Although humorous, and a satire upon how our fascination with performing animals, circus tricks and the seemingly magical often exceeds our fascination with great art, the book plays profoundly upon our interest in all things relating to Shakespeare. After all, a pig that claimed to have written the works of John Fletcher or Francis Beaumont would be one thing, but a pig that claimed to have written the works of Shakespeare? Now that’s a whole different level of porcine achievement and greatness.

Shakespeare in Ten Acts runs until September 6th 2016.

16 August 2016

Celebrating poetry pamphlets: new readings online

by Ian Cooke, Head of Contemporary British Published Collections

The call for entries to the Michael Marks Awards for Poetry Pamphlets 2016 is now live. Each year, the awards celebrate publishers, illustrators and authors of new poetry pamphlets. For the 2015 awards, we invited our shortlisted poets to record readings from their pamphlets at the British Library. These recordings are now available on Soundcloud. Here are more details on the poets and readings:

Gill McEvoy, our award winner for 2015, reads from her pamphlet ‘The First Telling’, published by HappenStance press. The poems relate an experience of rape, the ‘tellings’ being sessions with a counsellor. In this recording, Gill McEvoy reads, ‘The First Telling’, ‘There’s a grey parrot’, ‘I touch the cigarette’, ‘Magpie’, and ‘In the bathroom, scrub skin’. The judges for the 2015 award commented, ‘we admired the way this pamphlet deals not just with trauma and its aftermath, but with the difficulty of articulating what has happened, the challenge of finding the right words. Form and content mesh together perfectly in poems that use the power of silence as well as the power of language’.

Anja Konig, was shortlisted for her first poetry pamphlet collection, ‘Advice for an Only Child’, published by Flipped Eye press. Anja reads ‘Not the Last Chapter’, ‘Triple Negative’, ‘She’s Good with her Hands’, and ’We are the Bees of the Invisible’. In shortlisting this pamphlet, the judges commented, ‘Anja Konig’s debut pamphlet is witty and inventive. There’s a surprise on every page – her short poems look slantwise at relationships, the female body and what it means to write. We found these poems unsparing, yet lifted by a light touch’.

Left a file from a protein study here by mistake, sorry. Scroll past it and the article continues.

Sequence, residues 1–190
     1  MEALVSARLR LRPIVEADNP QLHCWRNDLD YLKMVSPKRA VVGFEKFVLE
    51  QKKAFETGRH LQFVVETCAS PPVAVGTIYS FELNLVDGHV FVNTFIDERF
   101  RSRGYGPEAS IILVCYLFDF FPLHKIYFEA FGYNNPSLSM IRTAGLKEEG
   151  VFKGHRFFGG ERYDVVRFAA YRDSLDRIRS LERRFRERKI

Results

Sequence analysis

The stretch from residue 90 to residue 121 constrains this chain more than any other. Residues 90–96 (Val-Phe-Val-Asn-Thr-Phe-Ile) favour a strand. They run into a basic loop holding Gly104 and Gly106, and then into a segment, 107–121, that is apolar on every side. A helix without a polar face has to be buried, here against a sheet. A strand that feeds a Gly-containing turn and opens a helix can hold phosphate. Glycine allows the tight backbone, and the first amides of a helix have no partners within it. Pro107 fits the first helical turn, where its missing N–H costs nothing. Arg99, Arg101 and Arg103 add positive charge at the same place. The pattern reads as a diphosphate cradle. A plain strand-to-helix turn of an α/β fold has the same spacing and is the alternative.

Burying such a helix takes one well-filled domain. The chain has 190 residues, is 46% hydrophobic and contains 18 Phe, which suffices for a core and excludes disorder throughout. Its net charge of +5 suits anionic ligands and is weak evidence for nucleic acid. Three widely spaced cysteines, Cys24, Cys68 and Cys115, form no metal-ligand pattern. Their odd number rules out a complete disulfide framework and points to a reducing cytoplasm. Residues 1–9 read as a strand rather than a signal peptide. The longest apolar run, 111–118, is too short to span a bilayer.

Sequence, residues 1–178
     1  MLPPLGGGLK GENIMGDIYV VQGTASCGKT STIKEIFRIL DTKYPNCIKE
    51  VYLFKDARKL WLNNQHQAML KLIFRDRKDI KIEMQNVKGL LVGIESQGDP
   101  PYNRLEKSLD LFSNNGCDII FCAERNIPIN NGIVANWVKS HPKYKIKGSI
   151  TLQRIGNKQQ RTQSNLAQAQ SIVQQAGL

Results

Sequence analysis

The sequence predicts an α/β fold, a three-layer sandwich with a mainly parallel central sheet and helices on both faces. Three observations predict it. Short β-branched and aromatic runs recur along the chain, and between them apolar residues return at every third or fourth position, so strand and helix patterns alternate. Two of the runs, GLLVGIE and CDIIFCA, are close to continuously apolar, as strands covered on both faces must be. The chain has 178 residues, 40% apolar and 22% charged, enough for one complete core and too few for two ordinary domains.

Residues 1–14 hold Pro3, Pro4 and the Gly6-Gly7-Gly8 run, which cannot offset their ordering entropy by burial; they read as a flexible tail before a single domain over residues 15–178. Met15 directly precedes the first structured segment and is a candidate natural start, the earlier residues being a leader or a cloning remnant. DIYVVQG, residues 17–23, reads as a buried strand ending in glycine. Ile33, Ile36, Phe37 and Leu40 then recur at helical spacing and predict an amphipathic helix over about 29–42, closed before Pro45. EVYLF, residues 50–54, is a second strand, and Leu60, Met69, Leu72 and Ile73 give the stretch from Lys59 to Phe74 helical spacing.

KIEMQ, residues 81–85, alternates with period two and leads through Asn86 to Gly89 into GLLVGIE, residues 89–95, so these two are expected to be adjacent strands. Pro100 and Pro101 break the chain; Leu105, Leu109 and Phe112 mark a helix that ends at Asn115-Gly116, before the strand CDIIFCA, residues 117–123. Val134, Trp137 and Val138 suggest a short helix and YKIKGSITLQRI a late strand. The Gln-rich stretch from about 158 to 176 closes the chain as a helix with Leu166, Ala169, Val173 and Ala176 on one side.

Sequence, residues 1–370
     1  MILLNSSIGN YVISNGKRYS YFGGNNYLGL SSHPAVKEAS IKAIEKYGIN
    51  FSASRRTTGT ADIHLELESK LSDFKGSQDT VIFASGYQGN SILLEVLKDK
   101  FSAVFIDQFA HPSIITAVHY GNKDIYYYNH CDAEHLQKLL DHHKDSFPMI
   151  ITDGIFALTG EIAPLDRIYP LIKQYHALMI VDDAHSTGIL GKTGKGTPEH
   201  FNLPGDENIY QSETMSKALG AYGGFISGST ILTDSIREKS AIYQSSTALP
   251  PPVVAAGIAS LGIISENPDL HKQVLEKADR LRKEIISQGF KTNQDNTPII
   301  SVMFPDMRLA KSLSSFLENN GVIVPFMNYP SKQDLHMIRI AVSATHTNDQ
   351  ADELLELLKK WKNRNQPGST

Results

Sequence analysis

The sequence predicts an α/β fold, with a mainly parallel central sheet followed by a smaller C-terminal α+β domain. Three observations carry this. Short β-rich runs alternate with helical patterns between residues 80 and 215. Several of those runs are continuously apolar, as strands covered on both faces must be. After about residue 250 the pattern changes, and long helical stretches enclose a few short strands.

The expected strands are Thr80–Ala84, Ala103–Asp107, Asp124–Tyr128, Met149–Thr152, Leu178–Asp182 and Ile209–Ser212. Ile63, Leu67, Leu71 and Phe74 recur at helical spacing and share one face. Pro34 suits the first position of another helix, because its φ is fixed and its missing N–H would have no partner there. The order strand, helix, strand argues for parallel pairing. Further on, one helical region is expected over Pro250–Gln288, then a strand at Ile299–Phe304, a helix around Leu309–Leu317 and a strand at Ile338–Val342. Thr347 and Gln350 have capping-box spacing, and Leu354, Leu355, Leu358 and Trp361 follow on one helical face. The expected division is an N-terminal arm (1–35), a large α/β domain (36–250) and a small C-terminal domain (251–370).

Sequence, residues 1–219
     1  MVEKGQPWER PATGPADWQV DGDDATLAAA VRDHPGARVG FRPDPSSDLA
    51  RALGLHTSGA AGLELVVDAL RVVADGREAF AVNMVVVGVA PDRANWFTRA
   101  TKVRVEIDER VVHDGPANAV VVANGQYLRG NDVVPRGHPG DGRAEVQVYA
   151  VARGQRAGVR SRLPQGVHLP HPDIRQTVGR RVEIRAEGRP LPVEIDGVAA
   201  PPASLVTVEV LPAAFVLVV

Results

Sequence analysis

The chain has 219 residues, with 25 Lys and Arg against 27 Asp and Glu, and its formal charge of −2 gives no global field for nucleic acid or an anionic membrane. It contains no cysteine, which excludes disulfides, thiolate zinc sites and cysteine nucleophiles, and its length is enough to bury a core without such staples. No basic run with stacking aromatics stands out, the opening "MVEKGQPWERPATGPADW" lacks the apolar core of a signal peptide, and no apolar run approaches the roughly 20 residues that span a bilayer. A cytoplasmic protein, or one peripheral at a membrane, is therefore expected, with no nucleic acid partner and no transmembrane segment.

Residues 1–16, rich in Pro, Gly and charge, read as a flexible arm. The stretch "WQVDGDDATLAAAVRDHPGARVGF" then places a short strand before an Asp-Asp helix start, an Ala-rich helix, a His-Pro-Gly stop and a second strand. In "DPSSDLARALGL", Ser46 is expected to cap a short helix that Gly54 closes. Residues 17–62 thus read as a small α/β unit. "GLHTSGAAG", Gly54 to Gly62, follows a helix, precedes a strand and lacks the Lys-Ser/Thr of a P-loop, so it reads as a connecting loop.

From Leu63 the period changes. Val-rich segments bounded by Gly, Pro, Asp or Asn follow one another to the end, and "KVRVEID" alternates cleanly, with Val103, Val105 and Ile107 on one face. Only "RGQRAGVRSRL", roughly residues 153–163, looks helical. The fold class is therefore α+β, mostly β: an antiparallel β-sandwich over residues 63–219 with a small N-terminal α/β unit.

Peter Riley’s ‘The Ascent of Kinder Scout’ is a pamphlet-length poem that refers to the Kinder Trespass of 1932; a protest against the permanent enclosure of land for the purposes of grouse shooting. Published by Longbarrow Press, this is the eleventh section of a work provisionally entitled North. Describing this work, the 2015 judges said: ‘Evoking the Dark Peak in Derbyshire with startling clarity, we felt this pamphlet brilliantly captured what it’s like to look to landscapes for resolution, only to be humbled by the scale of them. Expansive but exact, it takes in the history of a trespass, the ghost of a lost friend and the future of a broken nation’.

Alan Jenkins reads two poems from ‘Clutag Five Poems Series No 2’, published by Clutag. The poems in this pamphlet are all linked by the Thames and places close to it in South West London, and the memories and personal associations that these places hold. In this recording, Jenkins reads ‘Beckett’s Wharf’, and ‘Upper Mall’. Our 2015 judges wrote, ‘Set against the backdrop of the Thames, these are haunting, understated elegies that often find the narrator challenging his own grief, trying to explain the source of it, trace it beyond the immediacy of loss. Assured and elegant, these poems moved us deeply’. In addition to these poets, the judges also shortlisted David Tait’s ‘Three Dragon Day’ for the 2015 award. David, who works as a teacher in China, was unable to attend the 2015 awards. The title of his collection refers to a Chinese phrase for describing heavy fog. The awards, supported by the Michael Marks Charitable Trust, celebrate the vitality, diversity and sheer talent of poets and poetry publishers in the UK. The shortlisted poets for 2015 demonstrated the range and power of contemporary poetry. As the entries start to come in for 2016, we are looking forward to an equally rich, exciting and moving collection of pamphlets.